Interleukin—10—secreting type 1 regulatory T cells in rodents and humans

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Abstract

Summary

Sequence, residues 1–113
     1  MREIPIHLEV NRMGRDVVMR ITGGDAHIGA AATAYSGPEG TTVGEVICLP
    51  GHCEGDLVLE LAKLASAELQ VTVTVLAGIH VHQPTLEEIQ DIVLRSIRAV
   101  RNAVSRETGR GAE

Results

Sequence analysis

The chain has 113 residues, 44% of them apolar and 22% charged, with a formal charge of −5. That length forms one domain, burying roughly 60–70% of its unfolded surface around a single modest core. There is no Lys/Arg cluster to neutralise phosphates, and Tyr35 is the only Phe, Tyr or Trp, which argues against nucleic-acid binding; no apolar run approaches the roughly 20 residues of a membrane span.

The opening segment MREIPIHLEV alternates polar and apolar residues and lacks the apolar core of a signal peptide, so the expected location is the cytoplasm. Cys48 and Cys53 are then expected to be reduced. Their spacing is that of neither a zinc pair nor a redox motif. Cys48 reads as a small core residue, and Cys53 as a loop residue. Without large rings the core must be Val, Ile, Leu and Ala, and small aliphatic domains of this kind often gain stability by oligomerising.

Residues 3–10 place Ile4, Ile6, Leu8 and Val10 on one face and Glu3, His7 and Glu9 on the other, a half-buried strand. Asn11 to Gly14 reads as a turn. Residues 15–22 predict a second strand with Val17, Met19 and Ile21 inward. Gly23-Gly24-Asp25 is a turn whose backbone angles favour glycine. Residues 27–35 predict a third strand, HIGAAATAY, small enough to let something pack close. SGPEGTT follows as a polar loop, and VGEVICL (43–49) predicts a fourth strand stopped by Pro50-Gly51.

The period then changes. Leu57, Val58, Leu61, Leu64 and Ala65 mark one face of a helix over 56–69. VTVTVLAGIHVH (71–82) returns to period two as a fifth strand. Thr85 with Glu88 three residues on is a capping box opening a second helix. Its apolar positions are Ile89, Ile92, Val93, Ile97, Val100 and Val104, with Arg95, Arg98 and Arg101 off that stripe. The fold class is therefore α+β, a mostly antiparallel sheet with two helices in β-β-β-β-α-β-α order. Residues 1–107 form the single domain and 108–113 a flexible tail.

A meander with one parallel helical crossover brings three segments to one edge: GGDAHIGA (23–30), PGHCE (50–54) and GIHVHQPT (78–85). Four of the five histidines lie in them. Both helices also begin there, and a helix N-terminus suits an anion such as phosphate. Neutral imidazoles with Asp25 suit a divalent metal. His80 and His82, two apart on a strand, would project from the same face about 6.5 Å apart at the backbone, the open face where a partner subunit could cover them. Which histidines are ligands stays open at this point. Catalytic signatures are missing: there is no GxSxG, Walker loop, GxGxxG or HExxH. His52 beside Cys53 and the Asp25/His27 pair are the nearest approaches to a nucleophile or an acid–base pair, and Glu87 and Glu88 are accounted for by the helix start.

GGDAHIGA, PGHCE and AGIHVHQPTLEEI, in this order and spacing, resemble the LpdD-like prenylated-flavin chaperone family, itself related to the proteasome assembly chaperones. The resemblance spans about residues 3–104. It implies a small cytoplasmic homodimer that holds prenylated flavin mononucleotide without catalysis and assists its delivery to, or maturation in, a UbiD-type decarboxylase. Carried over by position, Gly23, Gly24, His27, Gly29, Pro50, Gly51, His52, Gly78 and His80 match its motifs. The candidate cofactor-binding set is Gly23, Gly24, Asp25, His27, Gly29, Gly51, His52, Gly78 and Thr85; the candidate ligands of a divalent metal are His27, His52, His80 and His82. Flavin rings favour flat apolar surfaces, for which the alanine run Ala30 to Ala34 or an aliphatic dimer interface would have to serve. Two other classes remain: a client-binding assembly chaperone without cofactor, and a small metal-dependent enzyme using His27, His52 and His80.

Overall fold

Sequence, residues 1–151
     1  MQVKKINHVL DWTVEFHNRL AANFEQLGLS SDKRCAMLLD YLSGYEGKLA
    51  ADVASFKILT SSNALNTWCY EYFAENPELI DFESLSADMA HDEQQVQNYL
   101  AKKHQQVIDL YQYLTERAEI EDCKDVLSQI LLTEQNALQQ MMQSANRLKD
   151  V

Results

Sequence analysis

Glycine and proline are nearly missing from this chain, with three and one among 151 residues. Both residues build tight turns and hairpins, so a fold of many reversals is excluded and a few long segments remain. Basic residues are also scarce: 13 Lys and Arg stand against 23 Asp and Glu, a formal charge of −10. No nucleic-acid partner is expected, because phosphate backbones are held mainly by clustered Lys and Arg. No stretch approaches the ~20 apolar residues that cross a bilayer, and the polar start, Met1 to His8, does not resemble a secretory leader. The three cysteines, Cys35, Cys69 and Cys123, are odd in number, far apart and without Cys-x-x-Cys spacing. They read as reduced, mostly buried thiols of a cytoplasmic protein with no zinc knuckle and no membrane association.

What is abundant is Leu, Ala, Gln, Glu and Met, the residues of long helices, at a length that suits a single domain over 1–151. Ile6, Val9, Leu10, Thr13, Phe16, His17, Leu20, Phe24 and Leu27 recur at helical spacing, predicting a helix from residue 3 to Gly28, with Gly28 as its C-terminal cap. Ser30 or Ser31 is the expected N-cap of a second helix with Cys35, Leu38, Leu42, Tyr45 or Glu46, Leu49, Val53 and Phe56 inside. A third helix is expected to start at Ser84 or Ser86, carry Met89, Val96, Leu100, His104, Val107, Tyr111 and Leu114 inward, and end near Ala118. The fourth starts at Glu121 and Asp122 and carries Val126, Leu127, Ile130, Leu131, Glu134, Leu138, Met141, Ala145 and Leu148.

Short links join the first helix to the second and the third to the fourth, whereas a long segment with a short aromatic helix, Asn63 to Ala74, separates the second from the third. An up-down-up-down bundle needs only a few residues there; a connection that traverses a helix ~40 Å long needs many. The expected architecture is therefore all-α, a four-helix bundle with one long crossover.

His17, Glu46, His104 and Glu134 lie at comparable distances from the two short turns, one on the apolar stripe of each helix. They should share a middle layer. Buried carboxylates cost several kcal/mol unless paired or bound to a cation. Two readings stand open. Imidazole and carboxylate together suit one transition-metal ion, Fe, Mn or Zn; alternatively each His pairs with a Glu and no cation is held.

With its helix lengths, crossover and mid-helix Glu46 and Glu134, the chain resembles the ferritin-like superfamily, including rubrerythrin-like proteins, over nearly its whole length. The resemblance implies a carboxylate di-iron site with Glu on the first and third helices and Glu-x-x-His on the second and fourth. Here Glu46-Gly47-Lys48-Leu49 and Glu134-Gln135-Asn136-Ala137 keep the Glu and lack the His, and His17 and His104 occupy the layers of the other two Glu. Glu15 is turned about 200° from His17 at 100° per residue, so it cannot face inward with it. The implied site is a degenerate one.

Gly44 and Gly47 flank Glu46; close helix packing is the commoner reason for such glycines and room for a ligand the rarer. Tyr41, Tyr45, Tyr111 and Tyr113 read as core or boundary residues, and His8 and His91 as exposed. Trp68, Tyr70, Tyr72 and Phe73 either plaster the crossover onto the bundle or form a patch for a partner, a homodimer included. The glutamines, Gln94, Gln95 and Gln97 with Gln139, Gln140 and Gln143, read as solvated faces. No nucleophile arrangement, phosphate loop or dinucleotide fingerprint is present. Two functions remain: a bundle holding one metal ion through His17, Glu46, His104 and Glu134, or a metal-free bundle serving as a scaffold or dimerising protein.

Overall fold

Interleukin-10 (IL-10)-secreting T regulatory type 1 (Tr1) cells are defined by their specific cytokine production profile, which includes the secretion of high levels of IL-10 and transforming growth factor-β(TGF-β), and by their ability to suppress antigen-specific effector T-cell responses via a cytokine-dependent mechanism. In contrast to the naturally occurring CD4+CD25+ T regulatory cells (Tregs) that emerge directly from the thymus, Tr1 cells are induced by antigen stimulation via an IL-10-dependent process in vitro and in vivo. Specialized IL-10-producing dendritic cells, such as those in an immature state or those modulated by tolerogenic stimuli, play a key role in this process. We propose to use the term Tr1 cells for all IL-10-producing T-cell populations that are induced by IL-10 and have regulatory activity. The full biological characterization of Tr1 cells has been hampered by the difficulty in generating these cells in vitro and by the lack of specific marker molecules. However, it is clear that Tr1 cells play a key role in regulating adaptive immune responses both in mice and in humans. Further work to delineate the specific molecular signature of Tr1 cells, to determine their relationship with CD4+CD25+ Tregs, and to elucidate their respective role in maintaining peripheral tolerance is crucial to advance our knowledge on this Treg subset. Furthermore, results from clinical protocols using Tr1 cells to modulate immune responses in vivo in autoimmunity, transplantation, and chronic inflammatory diseases will undoubtedly prove the biological relevance of these cells in immunotolerance.

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